The Nation honors the 50th anniversary of Selma riots

SAN DIEGO (KUSI) – It is a historic day in Alabama. The city of Selma is honoring the 50th Anniversary of the Selma Riots, a turning point in the Civil Rights Movement.

President Obama was in Selma Saturday to make the occasion.

People from all over Alabama and the entire country made a pilgrimage to Selma to honor the sacrifice of hundreds of protesters who were brutally attacked by state troopers in 1965, a day ultimately known as “Bloody Sunday.”

Congressman John Lewis was among the leaders of the march.

“I want to thank all of you who marched over the bridge on Bloody Sunday … you didn’t have to but you did!” Lewis said.

And in the ultimate sign that their efforts made a difference, it was the first African American president who thanked the marchers for their contribution.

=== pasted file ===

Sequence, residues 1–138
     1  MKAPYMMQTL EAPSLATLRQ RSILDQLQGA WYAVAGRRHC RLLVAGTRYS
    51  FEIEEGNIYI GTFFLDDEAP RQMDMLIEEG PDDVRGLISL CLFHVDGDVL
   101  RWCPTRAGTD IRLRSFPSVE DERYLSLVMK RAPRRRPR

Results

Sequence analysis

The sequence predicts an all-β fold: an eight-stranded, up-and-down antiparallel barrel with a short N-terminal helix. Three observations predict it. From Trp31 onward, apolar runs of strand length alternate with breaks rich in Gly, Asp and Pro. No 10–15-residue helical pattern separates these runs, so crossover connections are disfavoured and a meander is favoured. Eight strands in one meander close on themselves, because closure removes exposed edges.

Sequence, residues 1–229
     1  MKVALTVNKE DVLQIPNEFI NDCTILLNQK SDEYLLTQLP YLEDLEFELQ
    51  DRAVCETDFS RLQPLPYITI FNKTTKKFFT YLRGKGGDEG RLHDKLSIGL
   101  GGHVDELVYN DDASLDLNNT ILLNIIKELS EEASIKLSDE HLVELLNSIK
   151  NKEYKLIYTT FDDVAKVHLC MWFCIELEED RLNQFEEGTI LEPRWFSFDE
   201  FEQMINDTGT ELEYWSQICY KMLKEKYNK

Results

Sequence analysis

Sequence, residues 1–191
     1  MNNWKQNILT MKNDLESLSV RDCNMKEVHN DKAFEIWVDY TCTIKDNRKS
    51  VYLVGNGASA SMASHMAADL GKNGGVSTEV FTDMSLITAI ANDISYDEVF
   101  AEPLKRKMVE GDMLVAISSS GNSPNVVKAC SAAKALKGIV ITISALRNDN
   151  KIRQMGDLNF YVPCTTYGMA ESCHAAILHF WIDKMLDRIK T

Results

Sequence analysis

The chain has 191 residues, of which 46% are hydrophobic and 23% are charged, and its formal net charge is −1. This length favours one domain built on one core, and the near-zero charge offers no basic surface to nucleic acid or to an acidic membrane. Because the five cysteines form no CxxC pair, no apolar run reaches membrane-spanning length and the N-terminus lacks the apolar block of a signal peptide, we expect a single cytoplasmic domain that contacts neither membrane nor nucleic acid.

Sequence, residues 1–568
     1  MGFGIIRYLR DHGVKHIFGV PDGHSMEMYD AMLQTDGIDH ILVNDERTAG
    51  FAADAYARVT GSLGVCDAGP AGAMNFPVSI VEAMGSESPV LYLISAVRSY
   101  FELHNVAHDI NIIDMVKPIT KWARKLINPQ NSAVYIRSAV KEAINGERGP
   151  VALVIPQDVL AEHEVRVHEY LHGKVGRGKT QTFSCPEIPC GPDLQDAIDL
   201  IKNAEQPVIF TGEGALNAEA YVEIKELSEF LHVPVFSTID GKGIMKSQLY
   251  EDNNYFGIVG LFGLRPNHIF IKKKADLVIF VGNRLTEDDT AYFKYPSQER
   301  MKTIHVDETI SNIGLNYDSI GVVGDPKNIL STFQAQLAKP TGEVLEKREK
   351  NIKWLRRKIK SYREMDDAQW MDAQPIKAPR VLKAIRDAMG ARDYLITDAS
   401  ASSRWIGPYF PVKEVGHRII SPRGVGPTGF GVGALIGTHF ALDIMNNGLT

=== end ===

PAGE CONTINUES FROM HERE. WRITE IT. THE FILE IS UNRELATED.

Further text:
“We gather here to honor the courage of ordinary Americans willing to endure billy clubs and the chastening rod; tear gas and the trampling hoof,” Obama said. “All of us need to recognize, as they did, that change depends on our actions, our attitudes, the things we teach our children.”

And President Obama’s comments were echoed by those Civil Rights leaders still working to make a different like Martin Luther King III.

“We are no longer doing voter education. I think voter education along with voter registration ultimately leads to voter participation,” King said.

A black president, speaking freely and marching across the Edmund Pettus Bridge; a dream many thought impossible, especially those who were in this very same spot 50 years ago under much different circumstances.

Civil Rights leaders were calling for better access to economic and educational opportunities for the many people still struggling in minority communities.

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